Argentina May Get U.S. High Court Hearing in Bond Case
Argentina may get a U.S. Supreme Court hearing in its legal battle with a hedge fund seeking to collect $2.5 billion owed by the South American country on defaulted bonds.
The justices today signaled interest in the case by asking the Obama administration for advice on an appeal by Argentina. The country’s multifaceted, decade-long clash with NML Capital Ltd., an affiliate of billionaire Paul Singer’s Elliott Management Corp., stems from Argentina’s 2001 default on $95 billion in bonds.
NML is seeking to enforce judgments it won in U.S. court cases. Billionaire Kenneth Dart’s EM Ltd. is pressing similar claims. Dart isn’t involved in the Supreme Court case.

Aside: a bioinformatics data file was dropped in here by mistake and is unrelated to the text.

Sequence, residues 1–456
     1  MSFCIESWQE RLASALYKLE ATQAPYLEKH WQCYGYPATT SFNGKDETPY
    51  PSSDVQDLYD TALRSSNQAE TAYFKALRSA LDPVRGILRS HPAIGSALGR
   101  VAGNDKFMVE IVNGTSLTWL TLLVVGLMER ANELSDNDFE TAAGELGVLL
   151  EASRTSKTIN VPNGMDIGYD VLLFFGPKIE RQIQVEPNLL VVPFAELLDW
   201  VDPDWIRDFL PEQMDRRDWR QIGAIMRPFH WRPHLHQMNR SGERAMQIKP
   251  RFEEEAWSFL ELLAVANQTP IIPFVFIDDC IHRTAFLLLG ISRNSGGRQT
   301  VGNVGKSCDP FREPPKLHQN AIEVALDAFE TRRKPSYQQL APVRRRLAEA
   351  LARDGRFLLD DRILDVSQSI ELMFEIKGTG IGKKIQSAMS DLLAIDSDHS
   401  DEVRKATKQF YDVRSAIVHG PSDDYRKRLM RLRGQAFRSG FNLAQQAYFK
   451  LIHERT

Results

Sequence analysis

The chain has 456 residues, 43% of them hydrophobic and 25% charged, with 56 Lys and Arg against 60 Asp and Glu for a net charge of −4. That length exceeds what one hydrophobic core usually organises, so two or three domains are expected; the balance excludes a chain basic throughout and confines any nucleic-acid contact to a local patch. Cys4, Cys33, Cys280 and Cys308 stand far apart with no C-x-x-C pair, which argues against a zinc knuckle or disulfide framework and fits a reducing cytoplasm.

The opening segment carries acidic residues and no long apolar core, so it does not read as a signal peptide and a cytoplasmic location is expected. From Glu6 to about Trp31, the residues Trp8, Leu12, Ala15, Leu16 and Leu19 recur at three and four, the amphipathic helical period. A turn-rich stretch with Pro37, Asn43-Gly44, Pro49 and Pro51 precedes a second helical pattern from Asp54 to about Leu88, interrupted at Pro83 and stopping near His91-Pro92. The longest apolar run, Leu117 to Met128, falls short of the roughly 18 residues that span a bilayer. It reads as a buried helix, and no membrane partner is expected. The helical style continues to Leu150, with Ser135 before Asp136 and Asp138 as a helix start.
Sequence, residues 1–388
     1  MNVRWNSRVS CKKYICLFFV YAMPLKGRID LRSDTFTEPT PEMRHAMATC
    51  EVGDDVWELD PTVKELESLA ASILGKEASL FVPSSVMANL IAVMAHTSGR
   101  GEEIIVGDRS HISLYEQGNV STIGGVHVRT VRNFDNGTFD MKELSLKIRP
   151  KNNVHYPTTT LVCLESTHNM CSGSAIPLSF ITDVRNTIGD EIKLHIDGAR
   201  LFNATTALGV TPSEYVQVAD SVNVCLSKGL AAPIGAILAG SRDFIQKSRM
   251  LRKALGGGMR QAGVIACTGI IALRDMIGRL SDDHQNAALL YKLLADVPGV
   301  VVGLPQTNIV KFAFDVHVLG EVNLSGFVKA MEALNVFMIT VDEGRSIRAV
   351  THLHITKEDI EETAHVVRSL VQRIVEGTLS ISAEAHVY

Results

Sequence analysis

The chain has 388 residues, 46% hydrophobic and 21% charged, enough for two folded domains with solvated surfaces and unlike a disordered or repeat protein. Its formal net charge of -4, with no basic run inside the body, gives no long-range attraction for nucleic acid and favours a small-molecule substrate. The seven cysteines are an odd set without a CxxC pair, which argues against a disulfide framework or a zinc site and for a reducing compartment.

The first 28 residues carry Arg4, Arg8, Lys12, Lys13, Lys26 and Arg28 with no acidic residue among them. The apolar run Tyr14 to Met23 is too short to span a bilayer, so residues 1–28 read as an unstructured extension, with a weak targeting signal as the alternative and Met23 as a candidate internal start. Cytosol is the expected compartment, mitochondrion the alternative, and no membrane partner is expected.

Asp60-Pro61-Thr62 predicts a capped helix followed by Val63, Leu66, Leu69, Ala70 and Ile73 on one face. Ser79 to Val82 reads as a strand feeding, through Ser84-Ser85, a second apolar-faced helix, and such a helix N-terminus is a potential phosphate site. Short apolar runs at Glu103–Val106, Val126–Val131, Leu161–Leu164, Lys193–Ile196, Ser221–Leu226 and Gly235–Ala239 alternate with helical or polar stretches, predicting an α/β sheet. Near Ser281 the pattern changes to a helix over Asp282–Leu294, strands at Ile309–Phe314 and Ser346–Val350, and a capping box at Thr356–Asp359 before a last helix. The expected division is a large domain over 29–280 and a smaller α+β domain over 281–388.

The appeal seeks to block a court order requiring Bank of America Corp. and state-owned Banco de la Nacion Argentina to turn over information about Argentina’s assets.
Argentina contends that it is protected by the U.S. Foreign Sovereign Immunities Act. The country says that law limits such orders to assets that are in the U.S. and are used for a commercial activity. The New York-based 2nd U.S. Circuit Court of Appeals rejected that argument.
The case is Argentina v. NML Capital, 12-842.
To contact the reporter on this story: Greg Stohr in Washington at firstname.lastname@example.org